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What is this book about?
The results of using J2EE in practice are often disappointing: applications are often slow, unduly complex, and take too long to develop. Rod Johnson believes that the problem lies not in J2EE itself, but in that it is often used badly. Many J2EE publications advocate approaches that, while fine in theory, often fail in reality, or deliver no real business value.
Expert One-on-One: J2EE Design and Development aims to demystify J2EE development. Using a practical focus, it shows how to use J2EE technologies to reduce, rather than increase, complexity. Rod draws on his experience of designing successful high-volume J2EE applications and salvaging failing projects, as well as intimate knowledge of the J2EE specifications, to offer a real-world, how-to guide on how you too can make J2EE work in practice.
It will help you to solve common problems with J2EE and avoid the expensive mistakes often made in J2EE projects. It will guide you through the complexity of the J2EE services and APIs to enable you to build the simplest possible solution, on time and on budget. Rod takes a practical, pragmatic approach, questioning J2EE orthodoxy where it has failed to deliver results in practice and instead suggesting effective, proven approaches.
What does this book cover?
In this book, you will learn
Who is this book for?
This book would be of value to most enterprise developers. Although some of the discussion (for example, on performance and scalability) would be most relevant to architects and lead developers, the practical focus would make it useful to anyone with some familiarity with J2EE. Because of the complete design-deployment coverage, a less advanced developer could work through the book along with a more introductory text, and successfully build and understand the sample application. This comprehensive coverage would also be useful to developers in smaller organisations, who might be called upon to fill several normally distinct roles.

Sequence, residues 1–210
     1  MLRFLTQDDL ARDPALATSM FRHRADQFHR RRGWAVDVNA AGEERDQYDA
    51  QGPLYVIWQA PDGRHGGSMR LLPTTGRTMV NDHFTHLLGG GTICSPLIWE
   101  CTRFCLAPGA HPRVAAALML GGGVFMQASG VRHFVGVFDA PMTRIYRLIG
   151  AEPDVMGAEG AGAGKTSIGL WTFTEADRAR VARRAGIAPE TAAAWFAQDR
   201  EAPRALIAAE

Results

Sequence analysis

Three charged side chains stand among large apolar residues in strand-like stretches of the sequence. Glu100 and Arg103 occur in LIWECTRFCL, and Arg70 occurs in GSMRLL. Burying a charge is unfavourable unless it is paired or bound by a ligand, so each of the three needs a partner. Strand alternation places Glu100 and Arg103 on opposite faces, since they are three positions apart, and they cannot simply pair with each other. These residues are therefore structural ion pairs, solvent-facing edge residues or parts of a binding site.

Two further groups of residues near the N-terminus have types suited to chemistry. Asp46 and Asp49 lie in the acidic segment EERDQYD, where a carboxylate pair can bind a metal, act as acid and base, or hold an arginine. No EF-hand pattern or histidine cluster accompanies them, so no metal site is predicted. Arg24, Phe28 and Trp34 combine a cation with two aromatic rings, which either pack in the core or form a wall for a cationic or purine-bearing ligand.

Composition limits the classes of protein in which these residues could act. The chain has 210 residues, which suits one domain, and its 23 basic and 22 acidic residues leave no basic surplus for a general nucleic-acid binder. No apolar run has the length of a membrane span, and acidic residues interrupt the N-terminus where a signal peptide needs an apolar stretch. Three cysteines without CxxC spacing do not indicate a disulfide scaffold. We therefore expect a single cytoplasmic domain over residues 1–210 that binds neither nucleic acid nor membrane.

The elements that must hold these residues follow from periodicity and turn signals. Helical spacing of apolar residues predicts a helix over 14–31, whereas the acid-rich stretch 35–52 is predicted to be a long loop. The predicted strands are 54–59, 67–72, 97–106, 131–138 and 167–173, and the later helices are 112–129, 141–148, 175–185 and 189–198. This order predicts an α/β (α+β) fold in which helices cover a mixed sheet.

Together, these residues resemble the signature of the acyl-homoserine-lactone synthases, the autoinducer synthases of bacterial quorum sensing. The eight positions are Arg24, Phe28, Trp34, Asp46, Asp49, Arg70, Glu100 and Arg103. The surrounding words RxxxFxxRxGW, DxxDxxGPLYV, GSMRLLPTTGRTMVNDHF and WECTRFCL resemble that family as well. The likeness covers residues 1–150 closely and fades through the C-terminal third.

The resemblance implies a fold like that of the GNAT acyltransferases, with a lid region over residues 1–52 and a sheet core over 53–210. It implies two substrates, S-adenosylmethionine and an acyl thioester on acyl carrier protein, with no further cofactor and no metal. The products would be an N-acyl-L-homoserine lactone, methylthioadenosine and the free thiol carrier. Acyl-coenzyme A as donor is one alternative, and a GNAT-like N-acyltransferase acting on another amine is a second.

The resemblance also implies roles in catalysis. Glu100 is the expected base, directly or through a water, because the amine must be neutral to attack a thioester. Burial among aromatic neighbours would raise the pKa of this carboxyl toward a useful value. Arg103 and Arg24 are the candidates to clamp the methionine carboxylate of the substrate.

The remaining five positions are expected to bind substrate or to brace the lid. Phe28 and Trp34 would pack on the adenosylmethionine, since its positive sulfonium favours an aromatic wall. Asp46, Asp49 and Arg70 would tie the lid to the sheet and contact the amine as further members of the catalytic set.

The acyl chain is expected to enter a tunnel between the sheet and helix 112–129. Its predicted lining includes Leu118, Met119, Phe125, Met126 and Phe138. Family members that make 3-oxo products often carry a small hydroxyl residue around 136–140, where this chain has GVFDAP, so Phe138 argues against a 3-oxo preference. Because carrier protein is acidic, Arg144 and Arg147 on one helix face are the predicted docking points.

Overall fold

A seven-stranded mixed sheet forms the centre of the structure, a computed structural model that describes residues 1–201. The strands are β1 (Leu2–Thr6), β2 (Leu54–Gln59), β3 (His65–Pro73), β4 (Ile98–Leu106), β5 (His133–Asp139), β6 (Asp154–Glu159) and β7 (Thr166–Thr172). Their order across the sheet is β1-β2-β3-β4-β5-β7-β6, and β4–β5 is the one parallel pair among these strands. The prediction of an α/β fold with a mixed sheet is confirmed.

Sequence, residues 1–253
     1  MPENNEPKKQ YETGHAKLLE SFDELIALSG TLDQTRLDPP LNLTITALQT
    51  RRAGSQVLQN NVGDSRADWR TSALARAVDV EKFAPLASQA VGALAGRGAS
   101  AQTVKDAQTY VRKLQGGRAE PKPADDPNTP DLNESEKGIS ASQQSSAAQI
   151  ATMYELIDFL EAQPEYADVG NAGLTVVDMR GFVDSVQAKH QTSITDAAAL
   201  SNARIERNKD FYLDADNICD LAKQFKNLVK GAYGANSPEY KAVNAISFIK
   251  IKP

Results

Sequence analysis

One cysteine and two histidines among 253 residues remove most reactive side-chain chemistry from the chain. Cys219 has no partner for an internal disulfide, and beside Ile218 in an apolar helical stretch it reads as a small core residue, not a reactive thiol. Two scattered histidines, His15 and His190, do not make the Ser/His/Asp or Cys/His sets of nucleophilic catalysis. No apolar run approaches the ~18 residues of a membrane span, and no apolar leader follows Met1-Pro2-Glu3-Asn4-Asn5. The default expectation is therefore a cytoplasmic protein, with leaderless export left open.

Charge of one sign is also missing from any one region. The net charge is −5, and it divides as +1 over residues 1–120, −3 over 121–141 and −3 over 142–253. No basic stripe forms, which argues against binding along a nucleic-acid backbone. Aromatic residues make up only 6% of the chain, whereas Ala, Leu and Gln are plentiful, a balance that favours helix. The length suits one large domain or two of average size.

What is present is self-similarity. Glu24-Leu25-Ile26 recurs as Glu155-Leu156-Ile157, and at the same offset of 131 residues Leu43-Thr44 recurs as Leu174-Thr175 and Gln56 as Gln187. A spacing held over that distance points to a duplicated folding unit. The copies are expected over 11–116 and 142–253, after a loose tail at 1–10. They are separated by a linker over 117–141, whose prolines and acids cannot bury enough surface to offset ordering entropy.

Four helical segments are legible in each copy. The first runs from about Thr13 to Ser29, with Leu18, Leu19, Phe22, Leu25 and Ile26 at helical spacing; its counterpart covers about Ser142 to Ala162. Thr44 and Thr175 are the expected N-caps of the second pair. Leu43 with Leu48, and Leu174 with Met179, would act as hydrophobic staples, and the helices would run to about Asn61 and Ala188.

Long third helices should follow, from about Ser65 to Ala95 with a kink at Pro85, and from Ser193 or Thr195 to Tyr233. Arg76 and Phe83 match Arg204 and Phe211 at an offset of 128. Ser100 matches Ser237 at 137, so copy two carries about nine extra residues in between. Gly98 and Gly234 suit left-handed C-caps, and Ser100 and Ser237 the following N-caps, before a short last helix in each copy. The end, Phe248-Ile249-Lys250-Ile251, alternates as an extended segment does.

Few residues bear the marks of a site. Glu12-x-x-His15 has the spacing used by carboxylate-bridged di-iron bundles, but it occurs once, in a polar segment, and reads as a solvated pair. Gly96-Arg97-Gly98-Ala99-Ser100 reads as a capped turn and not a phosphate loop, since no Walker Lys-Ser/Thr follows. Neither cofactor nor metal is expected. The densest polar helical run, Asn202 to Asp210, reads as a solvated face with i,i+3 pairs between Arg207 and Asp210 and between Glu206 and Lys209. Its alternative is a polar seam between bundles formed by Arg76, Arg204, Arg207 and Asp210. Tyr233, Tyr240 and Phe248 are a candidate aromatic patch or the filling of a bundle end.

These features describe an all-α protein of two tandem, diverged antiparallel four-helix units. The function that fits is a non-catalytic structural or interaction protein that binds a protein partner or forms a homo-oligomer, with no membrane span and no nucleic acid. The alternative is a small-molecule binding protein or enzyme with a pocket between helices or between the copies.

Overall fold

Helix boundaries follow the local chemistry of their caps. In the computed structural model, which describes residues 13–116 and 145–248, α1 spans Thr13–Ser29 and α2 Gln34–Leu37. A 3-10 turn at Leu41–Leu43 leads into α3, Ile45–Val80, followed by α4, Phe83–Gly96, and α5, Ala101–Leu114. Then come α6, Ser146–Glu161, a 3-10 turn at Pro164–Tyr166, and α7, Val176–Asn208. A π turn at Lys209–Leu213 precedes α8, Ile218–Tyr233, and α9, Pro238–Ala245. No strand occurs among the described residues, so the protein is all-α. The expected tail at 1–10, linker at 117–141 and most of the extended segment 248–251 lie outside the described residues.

What is special about this book?
Wondering what differentiates this book from others like it in the market? Take a look:
Chapter 1: J2EE Architectures.
Chapter 2 J2EE Projects: Choices and Risks.
Chapter 3: Testing J2EE Applications.
Chapter 4: Design Techniques and Coding Standards for J2EEProjects.
Chapter 5: Requirements for the Sample Application.
Chapter 6: Applying J2EE Technologies.
Chapter 7: Data Access in J2EE Applications.
Chapter 8: Data Access Using Entity Beans.
Chapter 9: Practical Data Access.
Chapter 10: Session Beans.
Chapter 11: Infrastructure and Application Implementation.
Chapter 12: Web-Tier MVC Design.
Chapter 12: Views in the Web Tier.
Chapter 14: Packaging and Application Deployment.
Chapter 15: Performance Testing and Tuning an Application.
Chapter 16: Conclusion: Making J2EE Work for You.
Appendix A: Implementing View Technologies.
J2EE provides many architectural choices. J2EE also offers many component types (such as servlets, EJBs, JSP pages, and servlet filters), and J2EE application servers provide many additional services. While this array of options enables us to design the best solution for each problem, it also poses dangers. J2EE developers can be overwhelmed by the choices on offer, or can be tempted to use infrastructure inappropriate to the problem in hand, simply because it's available.